Protein gene product 9.5 is diagnostically helpful in delineating high-grade renal cell cancer involving the renal medullary/sinus region from invasive urothelial cell carcinoma of the renal pelvis

Sven Gunia, Andreas Erbersdobler, Stefan Koch, Wolfgang Otto, Stefania Staibano, Crescenzo D'Alterio, Sabine Brookman-May

Research output: Contribution to journalArticlepeer-review

Abstract

The classification of poorly differentiated carcinomas involving the renal medullary/sinus region might be challenging on conventional histomorphologic grounds alone. However, delineation of high-grade renal cell carcinomas such as collecting duct (Bellini) carcinoma from urothelial cell carcinoma of the renal pelvis is critical, as it conveys important therapeutic implications. We assessed the so far neglected differential diagnostic role of protein gene product 9.5, a neuropeptide involved in intracellular proteolysis, in terms of differentiating invasive urothelial cell carcinomas of the renal pelvis from high-grade renal cell carcinomas infiltrating the renal medullary/sinus region. To this aim, 21 invasive urothelial cell carcinomas of the renal pelvis and 27 high-grade renal cell carcinomas (8 renal cell carcinomas with sarcomatoid dedifferentiation and 5 type 1 and 7 type 2 papillary renal cell carcinomas as well as 7 collecting duct carcinomas) were stained with antibodies directed against protein gene product 9.5, CD10, vimentin, CEA, p63, CK5/6, CK7, CK20, PAX2, PAX8, CD117 (c-Kit), AE1/3, α-methyl CoA racemase, actin, and desmin. Briefly, strong protein gene product 9.5 expression was observed in 6 (86%) of 7 collecting duct carcinomas, 8 (67%) of 12 papillary renal cell carcinomas, and 2 (25%) of 8 renal cell carcinomas with sarcomatoid dedifferentiation. Conversely, none of the 21 urothelial cell carcinomas investigated showed protein gene product 9.5 expression. Our findings suggest that protein gene product 9.5, particularly if used in conjunction with p63 and CK5/6, might be helpful in differentiating high-grade renal cell carcinomas from urothelial cell carcinomas of the renal pelvis, whereas its specificity with respect to the histologic subtyping of renal cell carcinomas seems to be low. However, because of the limited number of study cases enrolled in our investigation, our findings need to be validated in the future.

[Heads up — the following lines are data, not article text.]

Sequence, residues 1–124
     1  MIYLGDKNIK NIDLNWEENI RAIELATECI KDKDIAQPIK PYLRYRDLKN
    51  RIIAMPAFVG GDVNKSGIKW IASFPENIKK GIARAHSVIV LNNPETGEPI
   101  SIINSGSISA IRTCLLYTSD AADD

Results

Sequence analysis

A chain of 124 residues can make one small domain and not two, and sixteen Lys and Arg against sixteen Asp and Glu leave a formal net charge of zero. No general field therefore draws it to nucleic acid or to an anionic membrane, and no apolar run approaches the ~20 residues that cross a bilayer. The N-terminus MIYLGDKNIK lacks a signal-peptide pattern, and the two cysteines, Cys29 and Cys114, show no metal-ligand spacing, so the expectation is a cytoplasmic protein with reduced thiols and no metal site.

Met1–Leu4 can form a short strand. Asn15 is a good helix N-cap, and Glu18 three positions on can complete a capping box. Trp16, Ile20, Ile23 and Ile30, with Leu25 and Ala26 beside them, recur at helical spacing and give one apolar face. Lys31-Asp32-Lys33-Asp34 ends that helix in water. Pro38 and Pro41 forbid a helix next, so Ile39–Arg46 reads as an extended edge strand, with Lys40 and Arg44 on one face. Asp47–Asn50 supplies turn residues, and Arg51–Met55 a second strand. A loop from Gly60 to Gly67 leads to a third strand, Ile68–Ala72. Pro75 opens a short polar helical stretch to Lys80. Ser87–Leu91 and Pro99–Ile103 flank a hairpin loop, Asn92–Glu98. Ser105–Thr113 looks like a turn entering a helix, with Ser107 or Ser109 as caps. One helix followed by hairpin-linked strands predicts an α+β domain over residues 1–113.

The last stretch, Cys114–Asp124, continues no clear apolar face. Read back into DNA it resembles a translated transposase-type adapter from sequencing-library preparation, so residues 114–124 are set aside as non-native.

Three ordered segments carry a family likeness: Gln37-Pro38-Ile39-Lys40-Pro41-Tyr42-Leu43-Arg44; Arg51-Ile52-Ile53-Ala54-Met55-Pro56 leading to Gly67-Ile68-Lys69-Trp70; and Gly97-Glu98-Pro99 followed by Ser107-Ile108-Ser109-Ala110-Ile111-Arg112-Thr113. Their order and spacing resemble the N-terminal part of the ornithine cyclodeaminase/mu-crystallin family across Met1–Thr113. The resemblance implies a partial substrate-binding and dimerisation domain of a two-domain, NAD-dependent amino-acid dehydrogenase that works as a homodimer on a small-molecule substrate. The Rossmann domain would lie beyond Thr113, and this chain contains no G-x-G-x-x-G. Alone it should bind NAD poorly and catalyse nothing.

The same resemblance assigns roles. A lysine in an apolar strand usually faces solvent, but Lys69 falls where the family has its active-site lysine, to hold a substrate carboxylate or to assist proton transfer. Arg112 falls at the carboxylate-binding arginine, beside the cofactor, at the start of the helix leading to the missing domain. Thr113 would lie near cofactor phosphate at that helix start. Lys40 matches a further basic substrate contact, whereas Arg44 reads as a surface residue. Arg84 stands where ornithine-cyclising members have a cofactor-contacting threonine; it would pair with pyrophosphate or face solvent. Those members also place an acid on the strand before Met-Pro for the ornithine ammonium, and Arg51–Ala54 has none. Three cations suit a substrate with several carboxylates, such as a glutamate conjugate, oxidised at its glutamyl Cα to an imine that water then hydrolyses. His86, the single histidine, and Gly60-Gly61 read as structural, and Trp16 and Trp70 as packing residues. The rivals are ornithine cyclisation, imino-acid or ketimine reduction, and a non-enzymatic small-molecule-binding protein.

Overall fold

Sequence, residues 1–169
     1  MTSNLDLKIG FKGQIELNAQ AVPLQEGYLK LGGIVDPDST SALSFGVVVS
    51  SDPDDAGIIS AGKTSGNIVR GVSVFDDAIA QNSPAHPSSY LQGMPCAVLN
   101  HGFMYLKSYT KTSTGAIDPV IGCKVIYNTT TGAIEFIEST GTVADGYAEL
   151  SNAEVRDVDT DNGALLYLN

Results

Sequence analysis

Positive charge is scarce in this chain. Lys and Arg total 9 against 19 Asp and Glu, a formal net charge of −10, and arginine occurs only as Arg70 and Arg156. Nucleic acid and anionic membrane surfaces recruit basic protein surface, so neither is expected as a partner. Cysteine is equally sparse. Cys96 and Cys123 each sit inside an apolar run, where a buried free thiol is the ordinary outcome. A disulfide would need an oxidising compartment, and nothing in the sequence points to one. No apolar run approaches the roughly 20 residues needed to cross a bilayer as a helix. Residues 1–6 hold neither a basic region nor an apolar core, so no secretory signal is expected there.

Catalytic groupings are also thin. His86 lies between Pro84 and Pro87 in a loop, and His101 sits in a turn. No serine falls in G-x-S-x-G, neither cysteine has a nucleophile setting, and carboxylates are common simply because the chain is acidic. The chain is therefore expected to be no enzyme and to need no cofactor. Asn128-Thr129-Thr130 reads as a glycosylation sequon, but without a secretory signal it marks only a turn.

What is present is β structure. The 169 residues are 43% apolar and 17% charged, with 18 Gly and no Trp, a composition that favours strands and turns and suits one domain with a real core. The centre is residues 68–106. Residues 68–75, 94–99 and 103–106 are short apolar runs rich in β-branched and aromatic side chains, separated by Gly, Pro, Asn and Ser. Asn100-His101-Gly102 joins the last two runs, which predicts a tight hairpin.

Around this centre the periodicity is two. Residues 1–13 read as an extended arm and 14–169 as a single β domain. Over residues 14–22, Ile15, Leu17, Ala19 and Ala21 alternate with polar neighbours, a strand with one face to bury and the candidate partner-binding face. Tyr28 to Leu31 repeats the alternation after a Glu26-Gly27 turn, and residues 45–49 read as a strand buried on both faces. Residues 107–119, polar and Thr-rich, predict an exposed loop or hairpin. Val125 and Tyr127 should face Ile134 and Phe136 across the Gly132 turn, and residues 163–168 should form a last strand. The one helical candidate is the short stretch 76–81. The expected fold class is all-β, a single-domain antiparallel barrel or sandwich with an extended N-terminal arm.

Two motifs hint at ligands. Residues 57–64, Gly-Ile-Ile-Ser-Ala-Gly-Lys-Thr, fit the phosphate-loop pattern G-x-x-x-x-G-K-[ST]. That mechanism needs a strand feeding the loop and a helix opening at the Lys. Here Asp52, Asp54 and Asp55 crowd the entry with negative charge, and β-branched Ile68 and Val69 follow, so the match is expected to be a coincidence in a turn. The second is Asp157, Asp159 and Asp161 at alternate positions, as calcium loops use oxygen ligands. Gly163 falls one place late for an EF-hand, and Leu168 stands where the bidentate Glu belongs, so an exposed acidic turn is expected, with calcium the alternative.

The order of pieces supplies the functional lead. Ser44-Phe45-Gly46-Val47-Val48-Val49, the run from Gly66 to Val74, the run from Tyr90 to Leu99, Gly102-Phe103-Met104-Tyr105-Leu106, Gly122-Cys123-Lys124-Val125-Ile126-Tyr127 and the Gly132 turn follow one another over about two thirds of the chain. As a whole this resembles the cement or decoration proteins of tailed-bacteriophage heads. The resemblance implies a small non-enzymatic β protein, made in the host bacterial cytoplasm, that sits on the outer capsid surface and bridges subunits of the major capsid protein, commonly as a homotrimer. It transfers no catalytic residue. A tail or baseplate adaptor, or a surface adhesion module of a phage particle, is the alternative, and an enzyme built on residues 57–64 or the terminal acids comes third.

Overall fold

Original languageEnglish
Pages (from-to)712-717
Number of pages6
JournalHuman Pathology
Volume44
Issue number5
DOIs
Publication statusPublished - May 2013

Keywords

  • Collecting duct (Bellini) carcinoma
  • Differential diagnosis
  • Immunohistochemistry
  • Invasive urothelial cell carcinoma of the renal pelvis
  • Poorly differentiated carcinomas involving the renal medullary/sinus region
  • Protein gene product 9.5 (PGP 9.5)

ASJC Scopus subject areas

  • Pathology and Forensic Medicine

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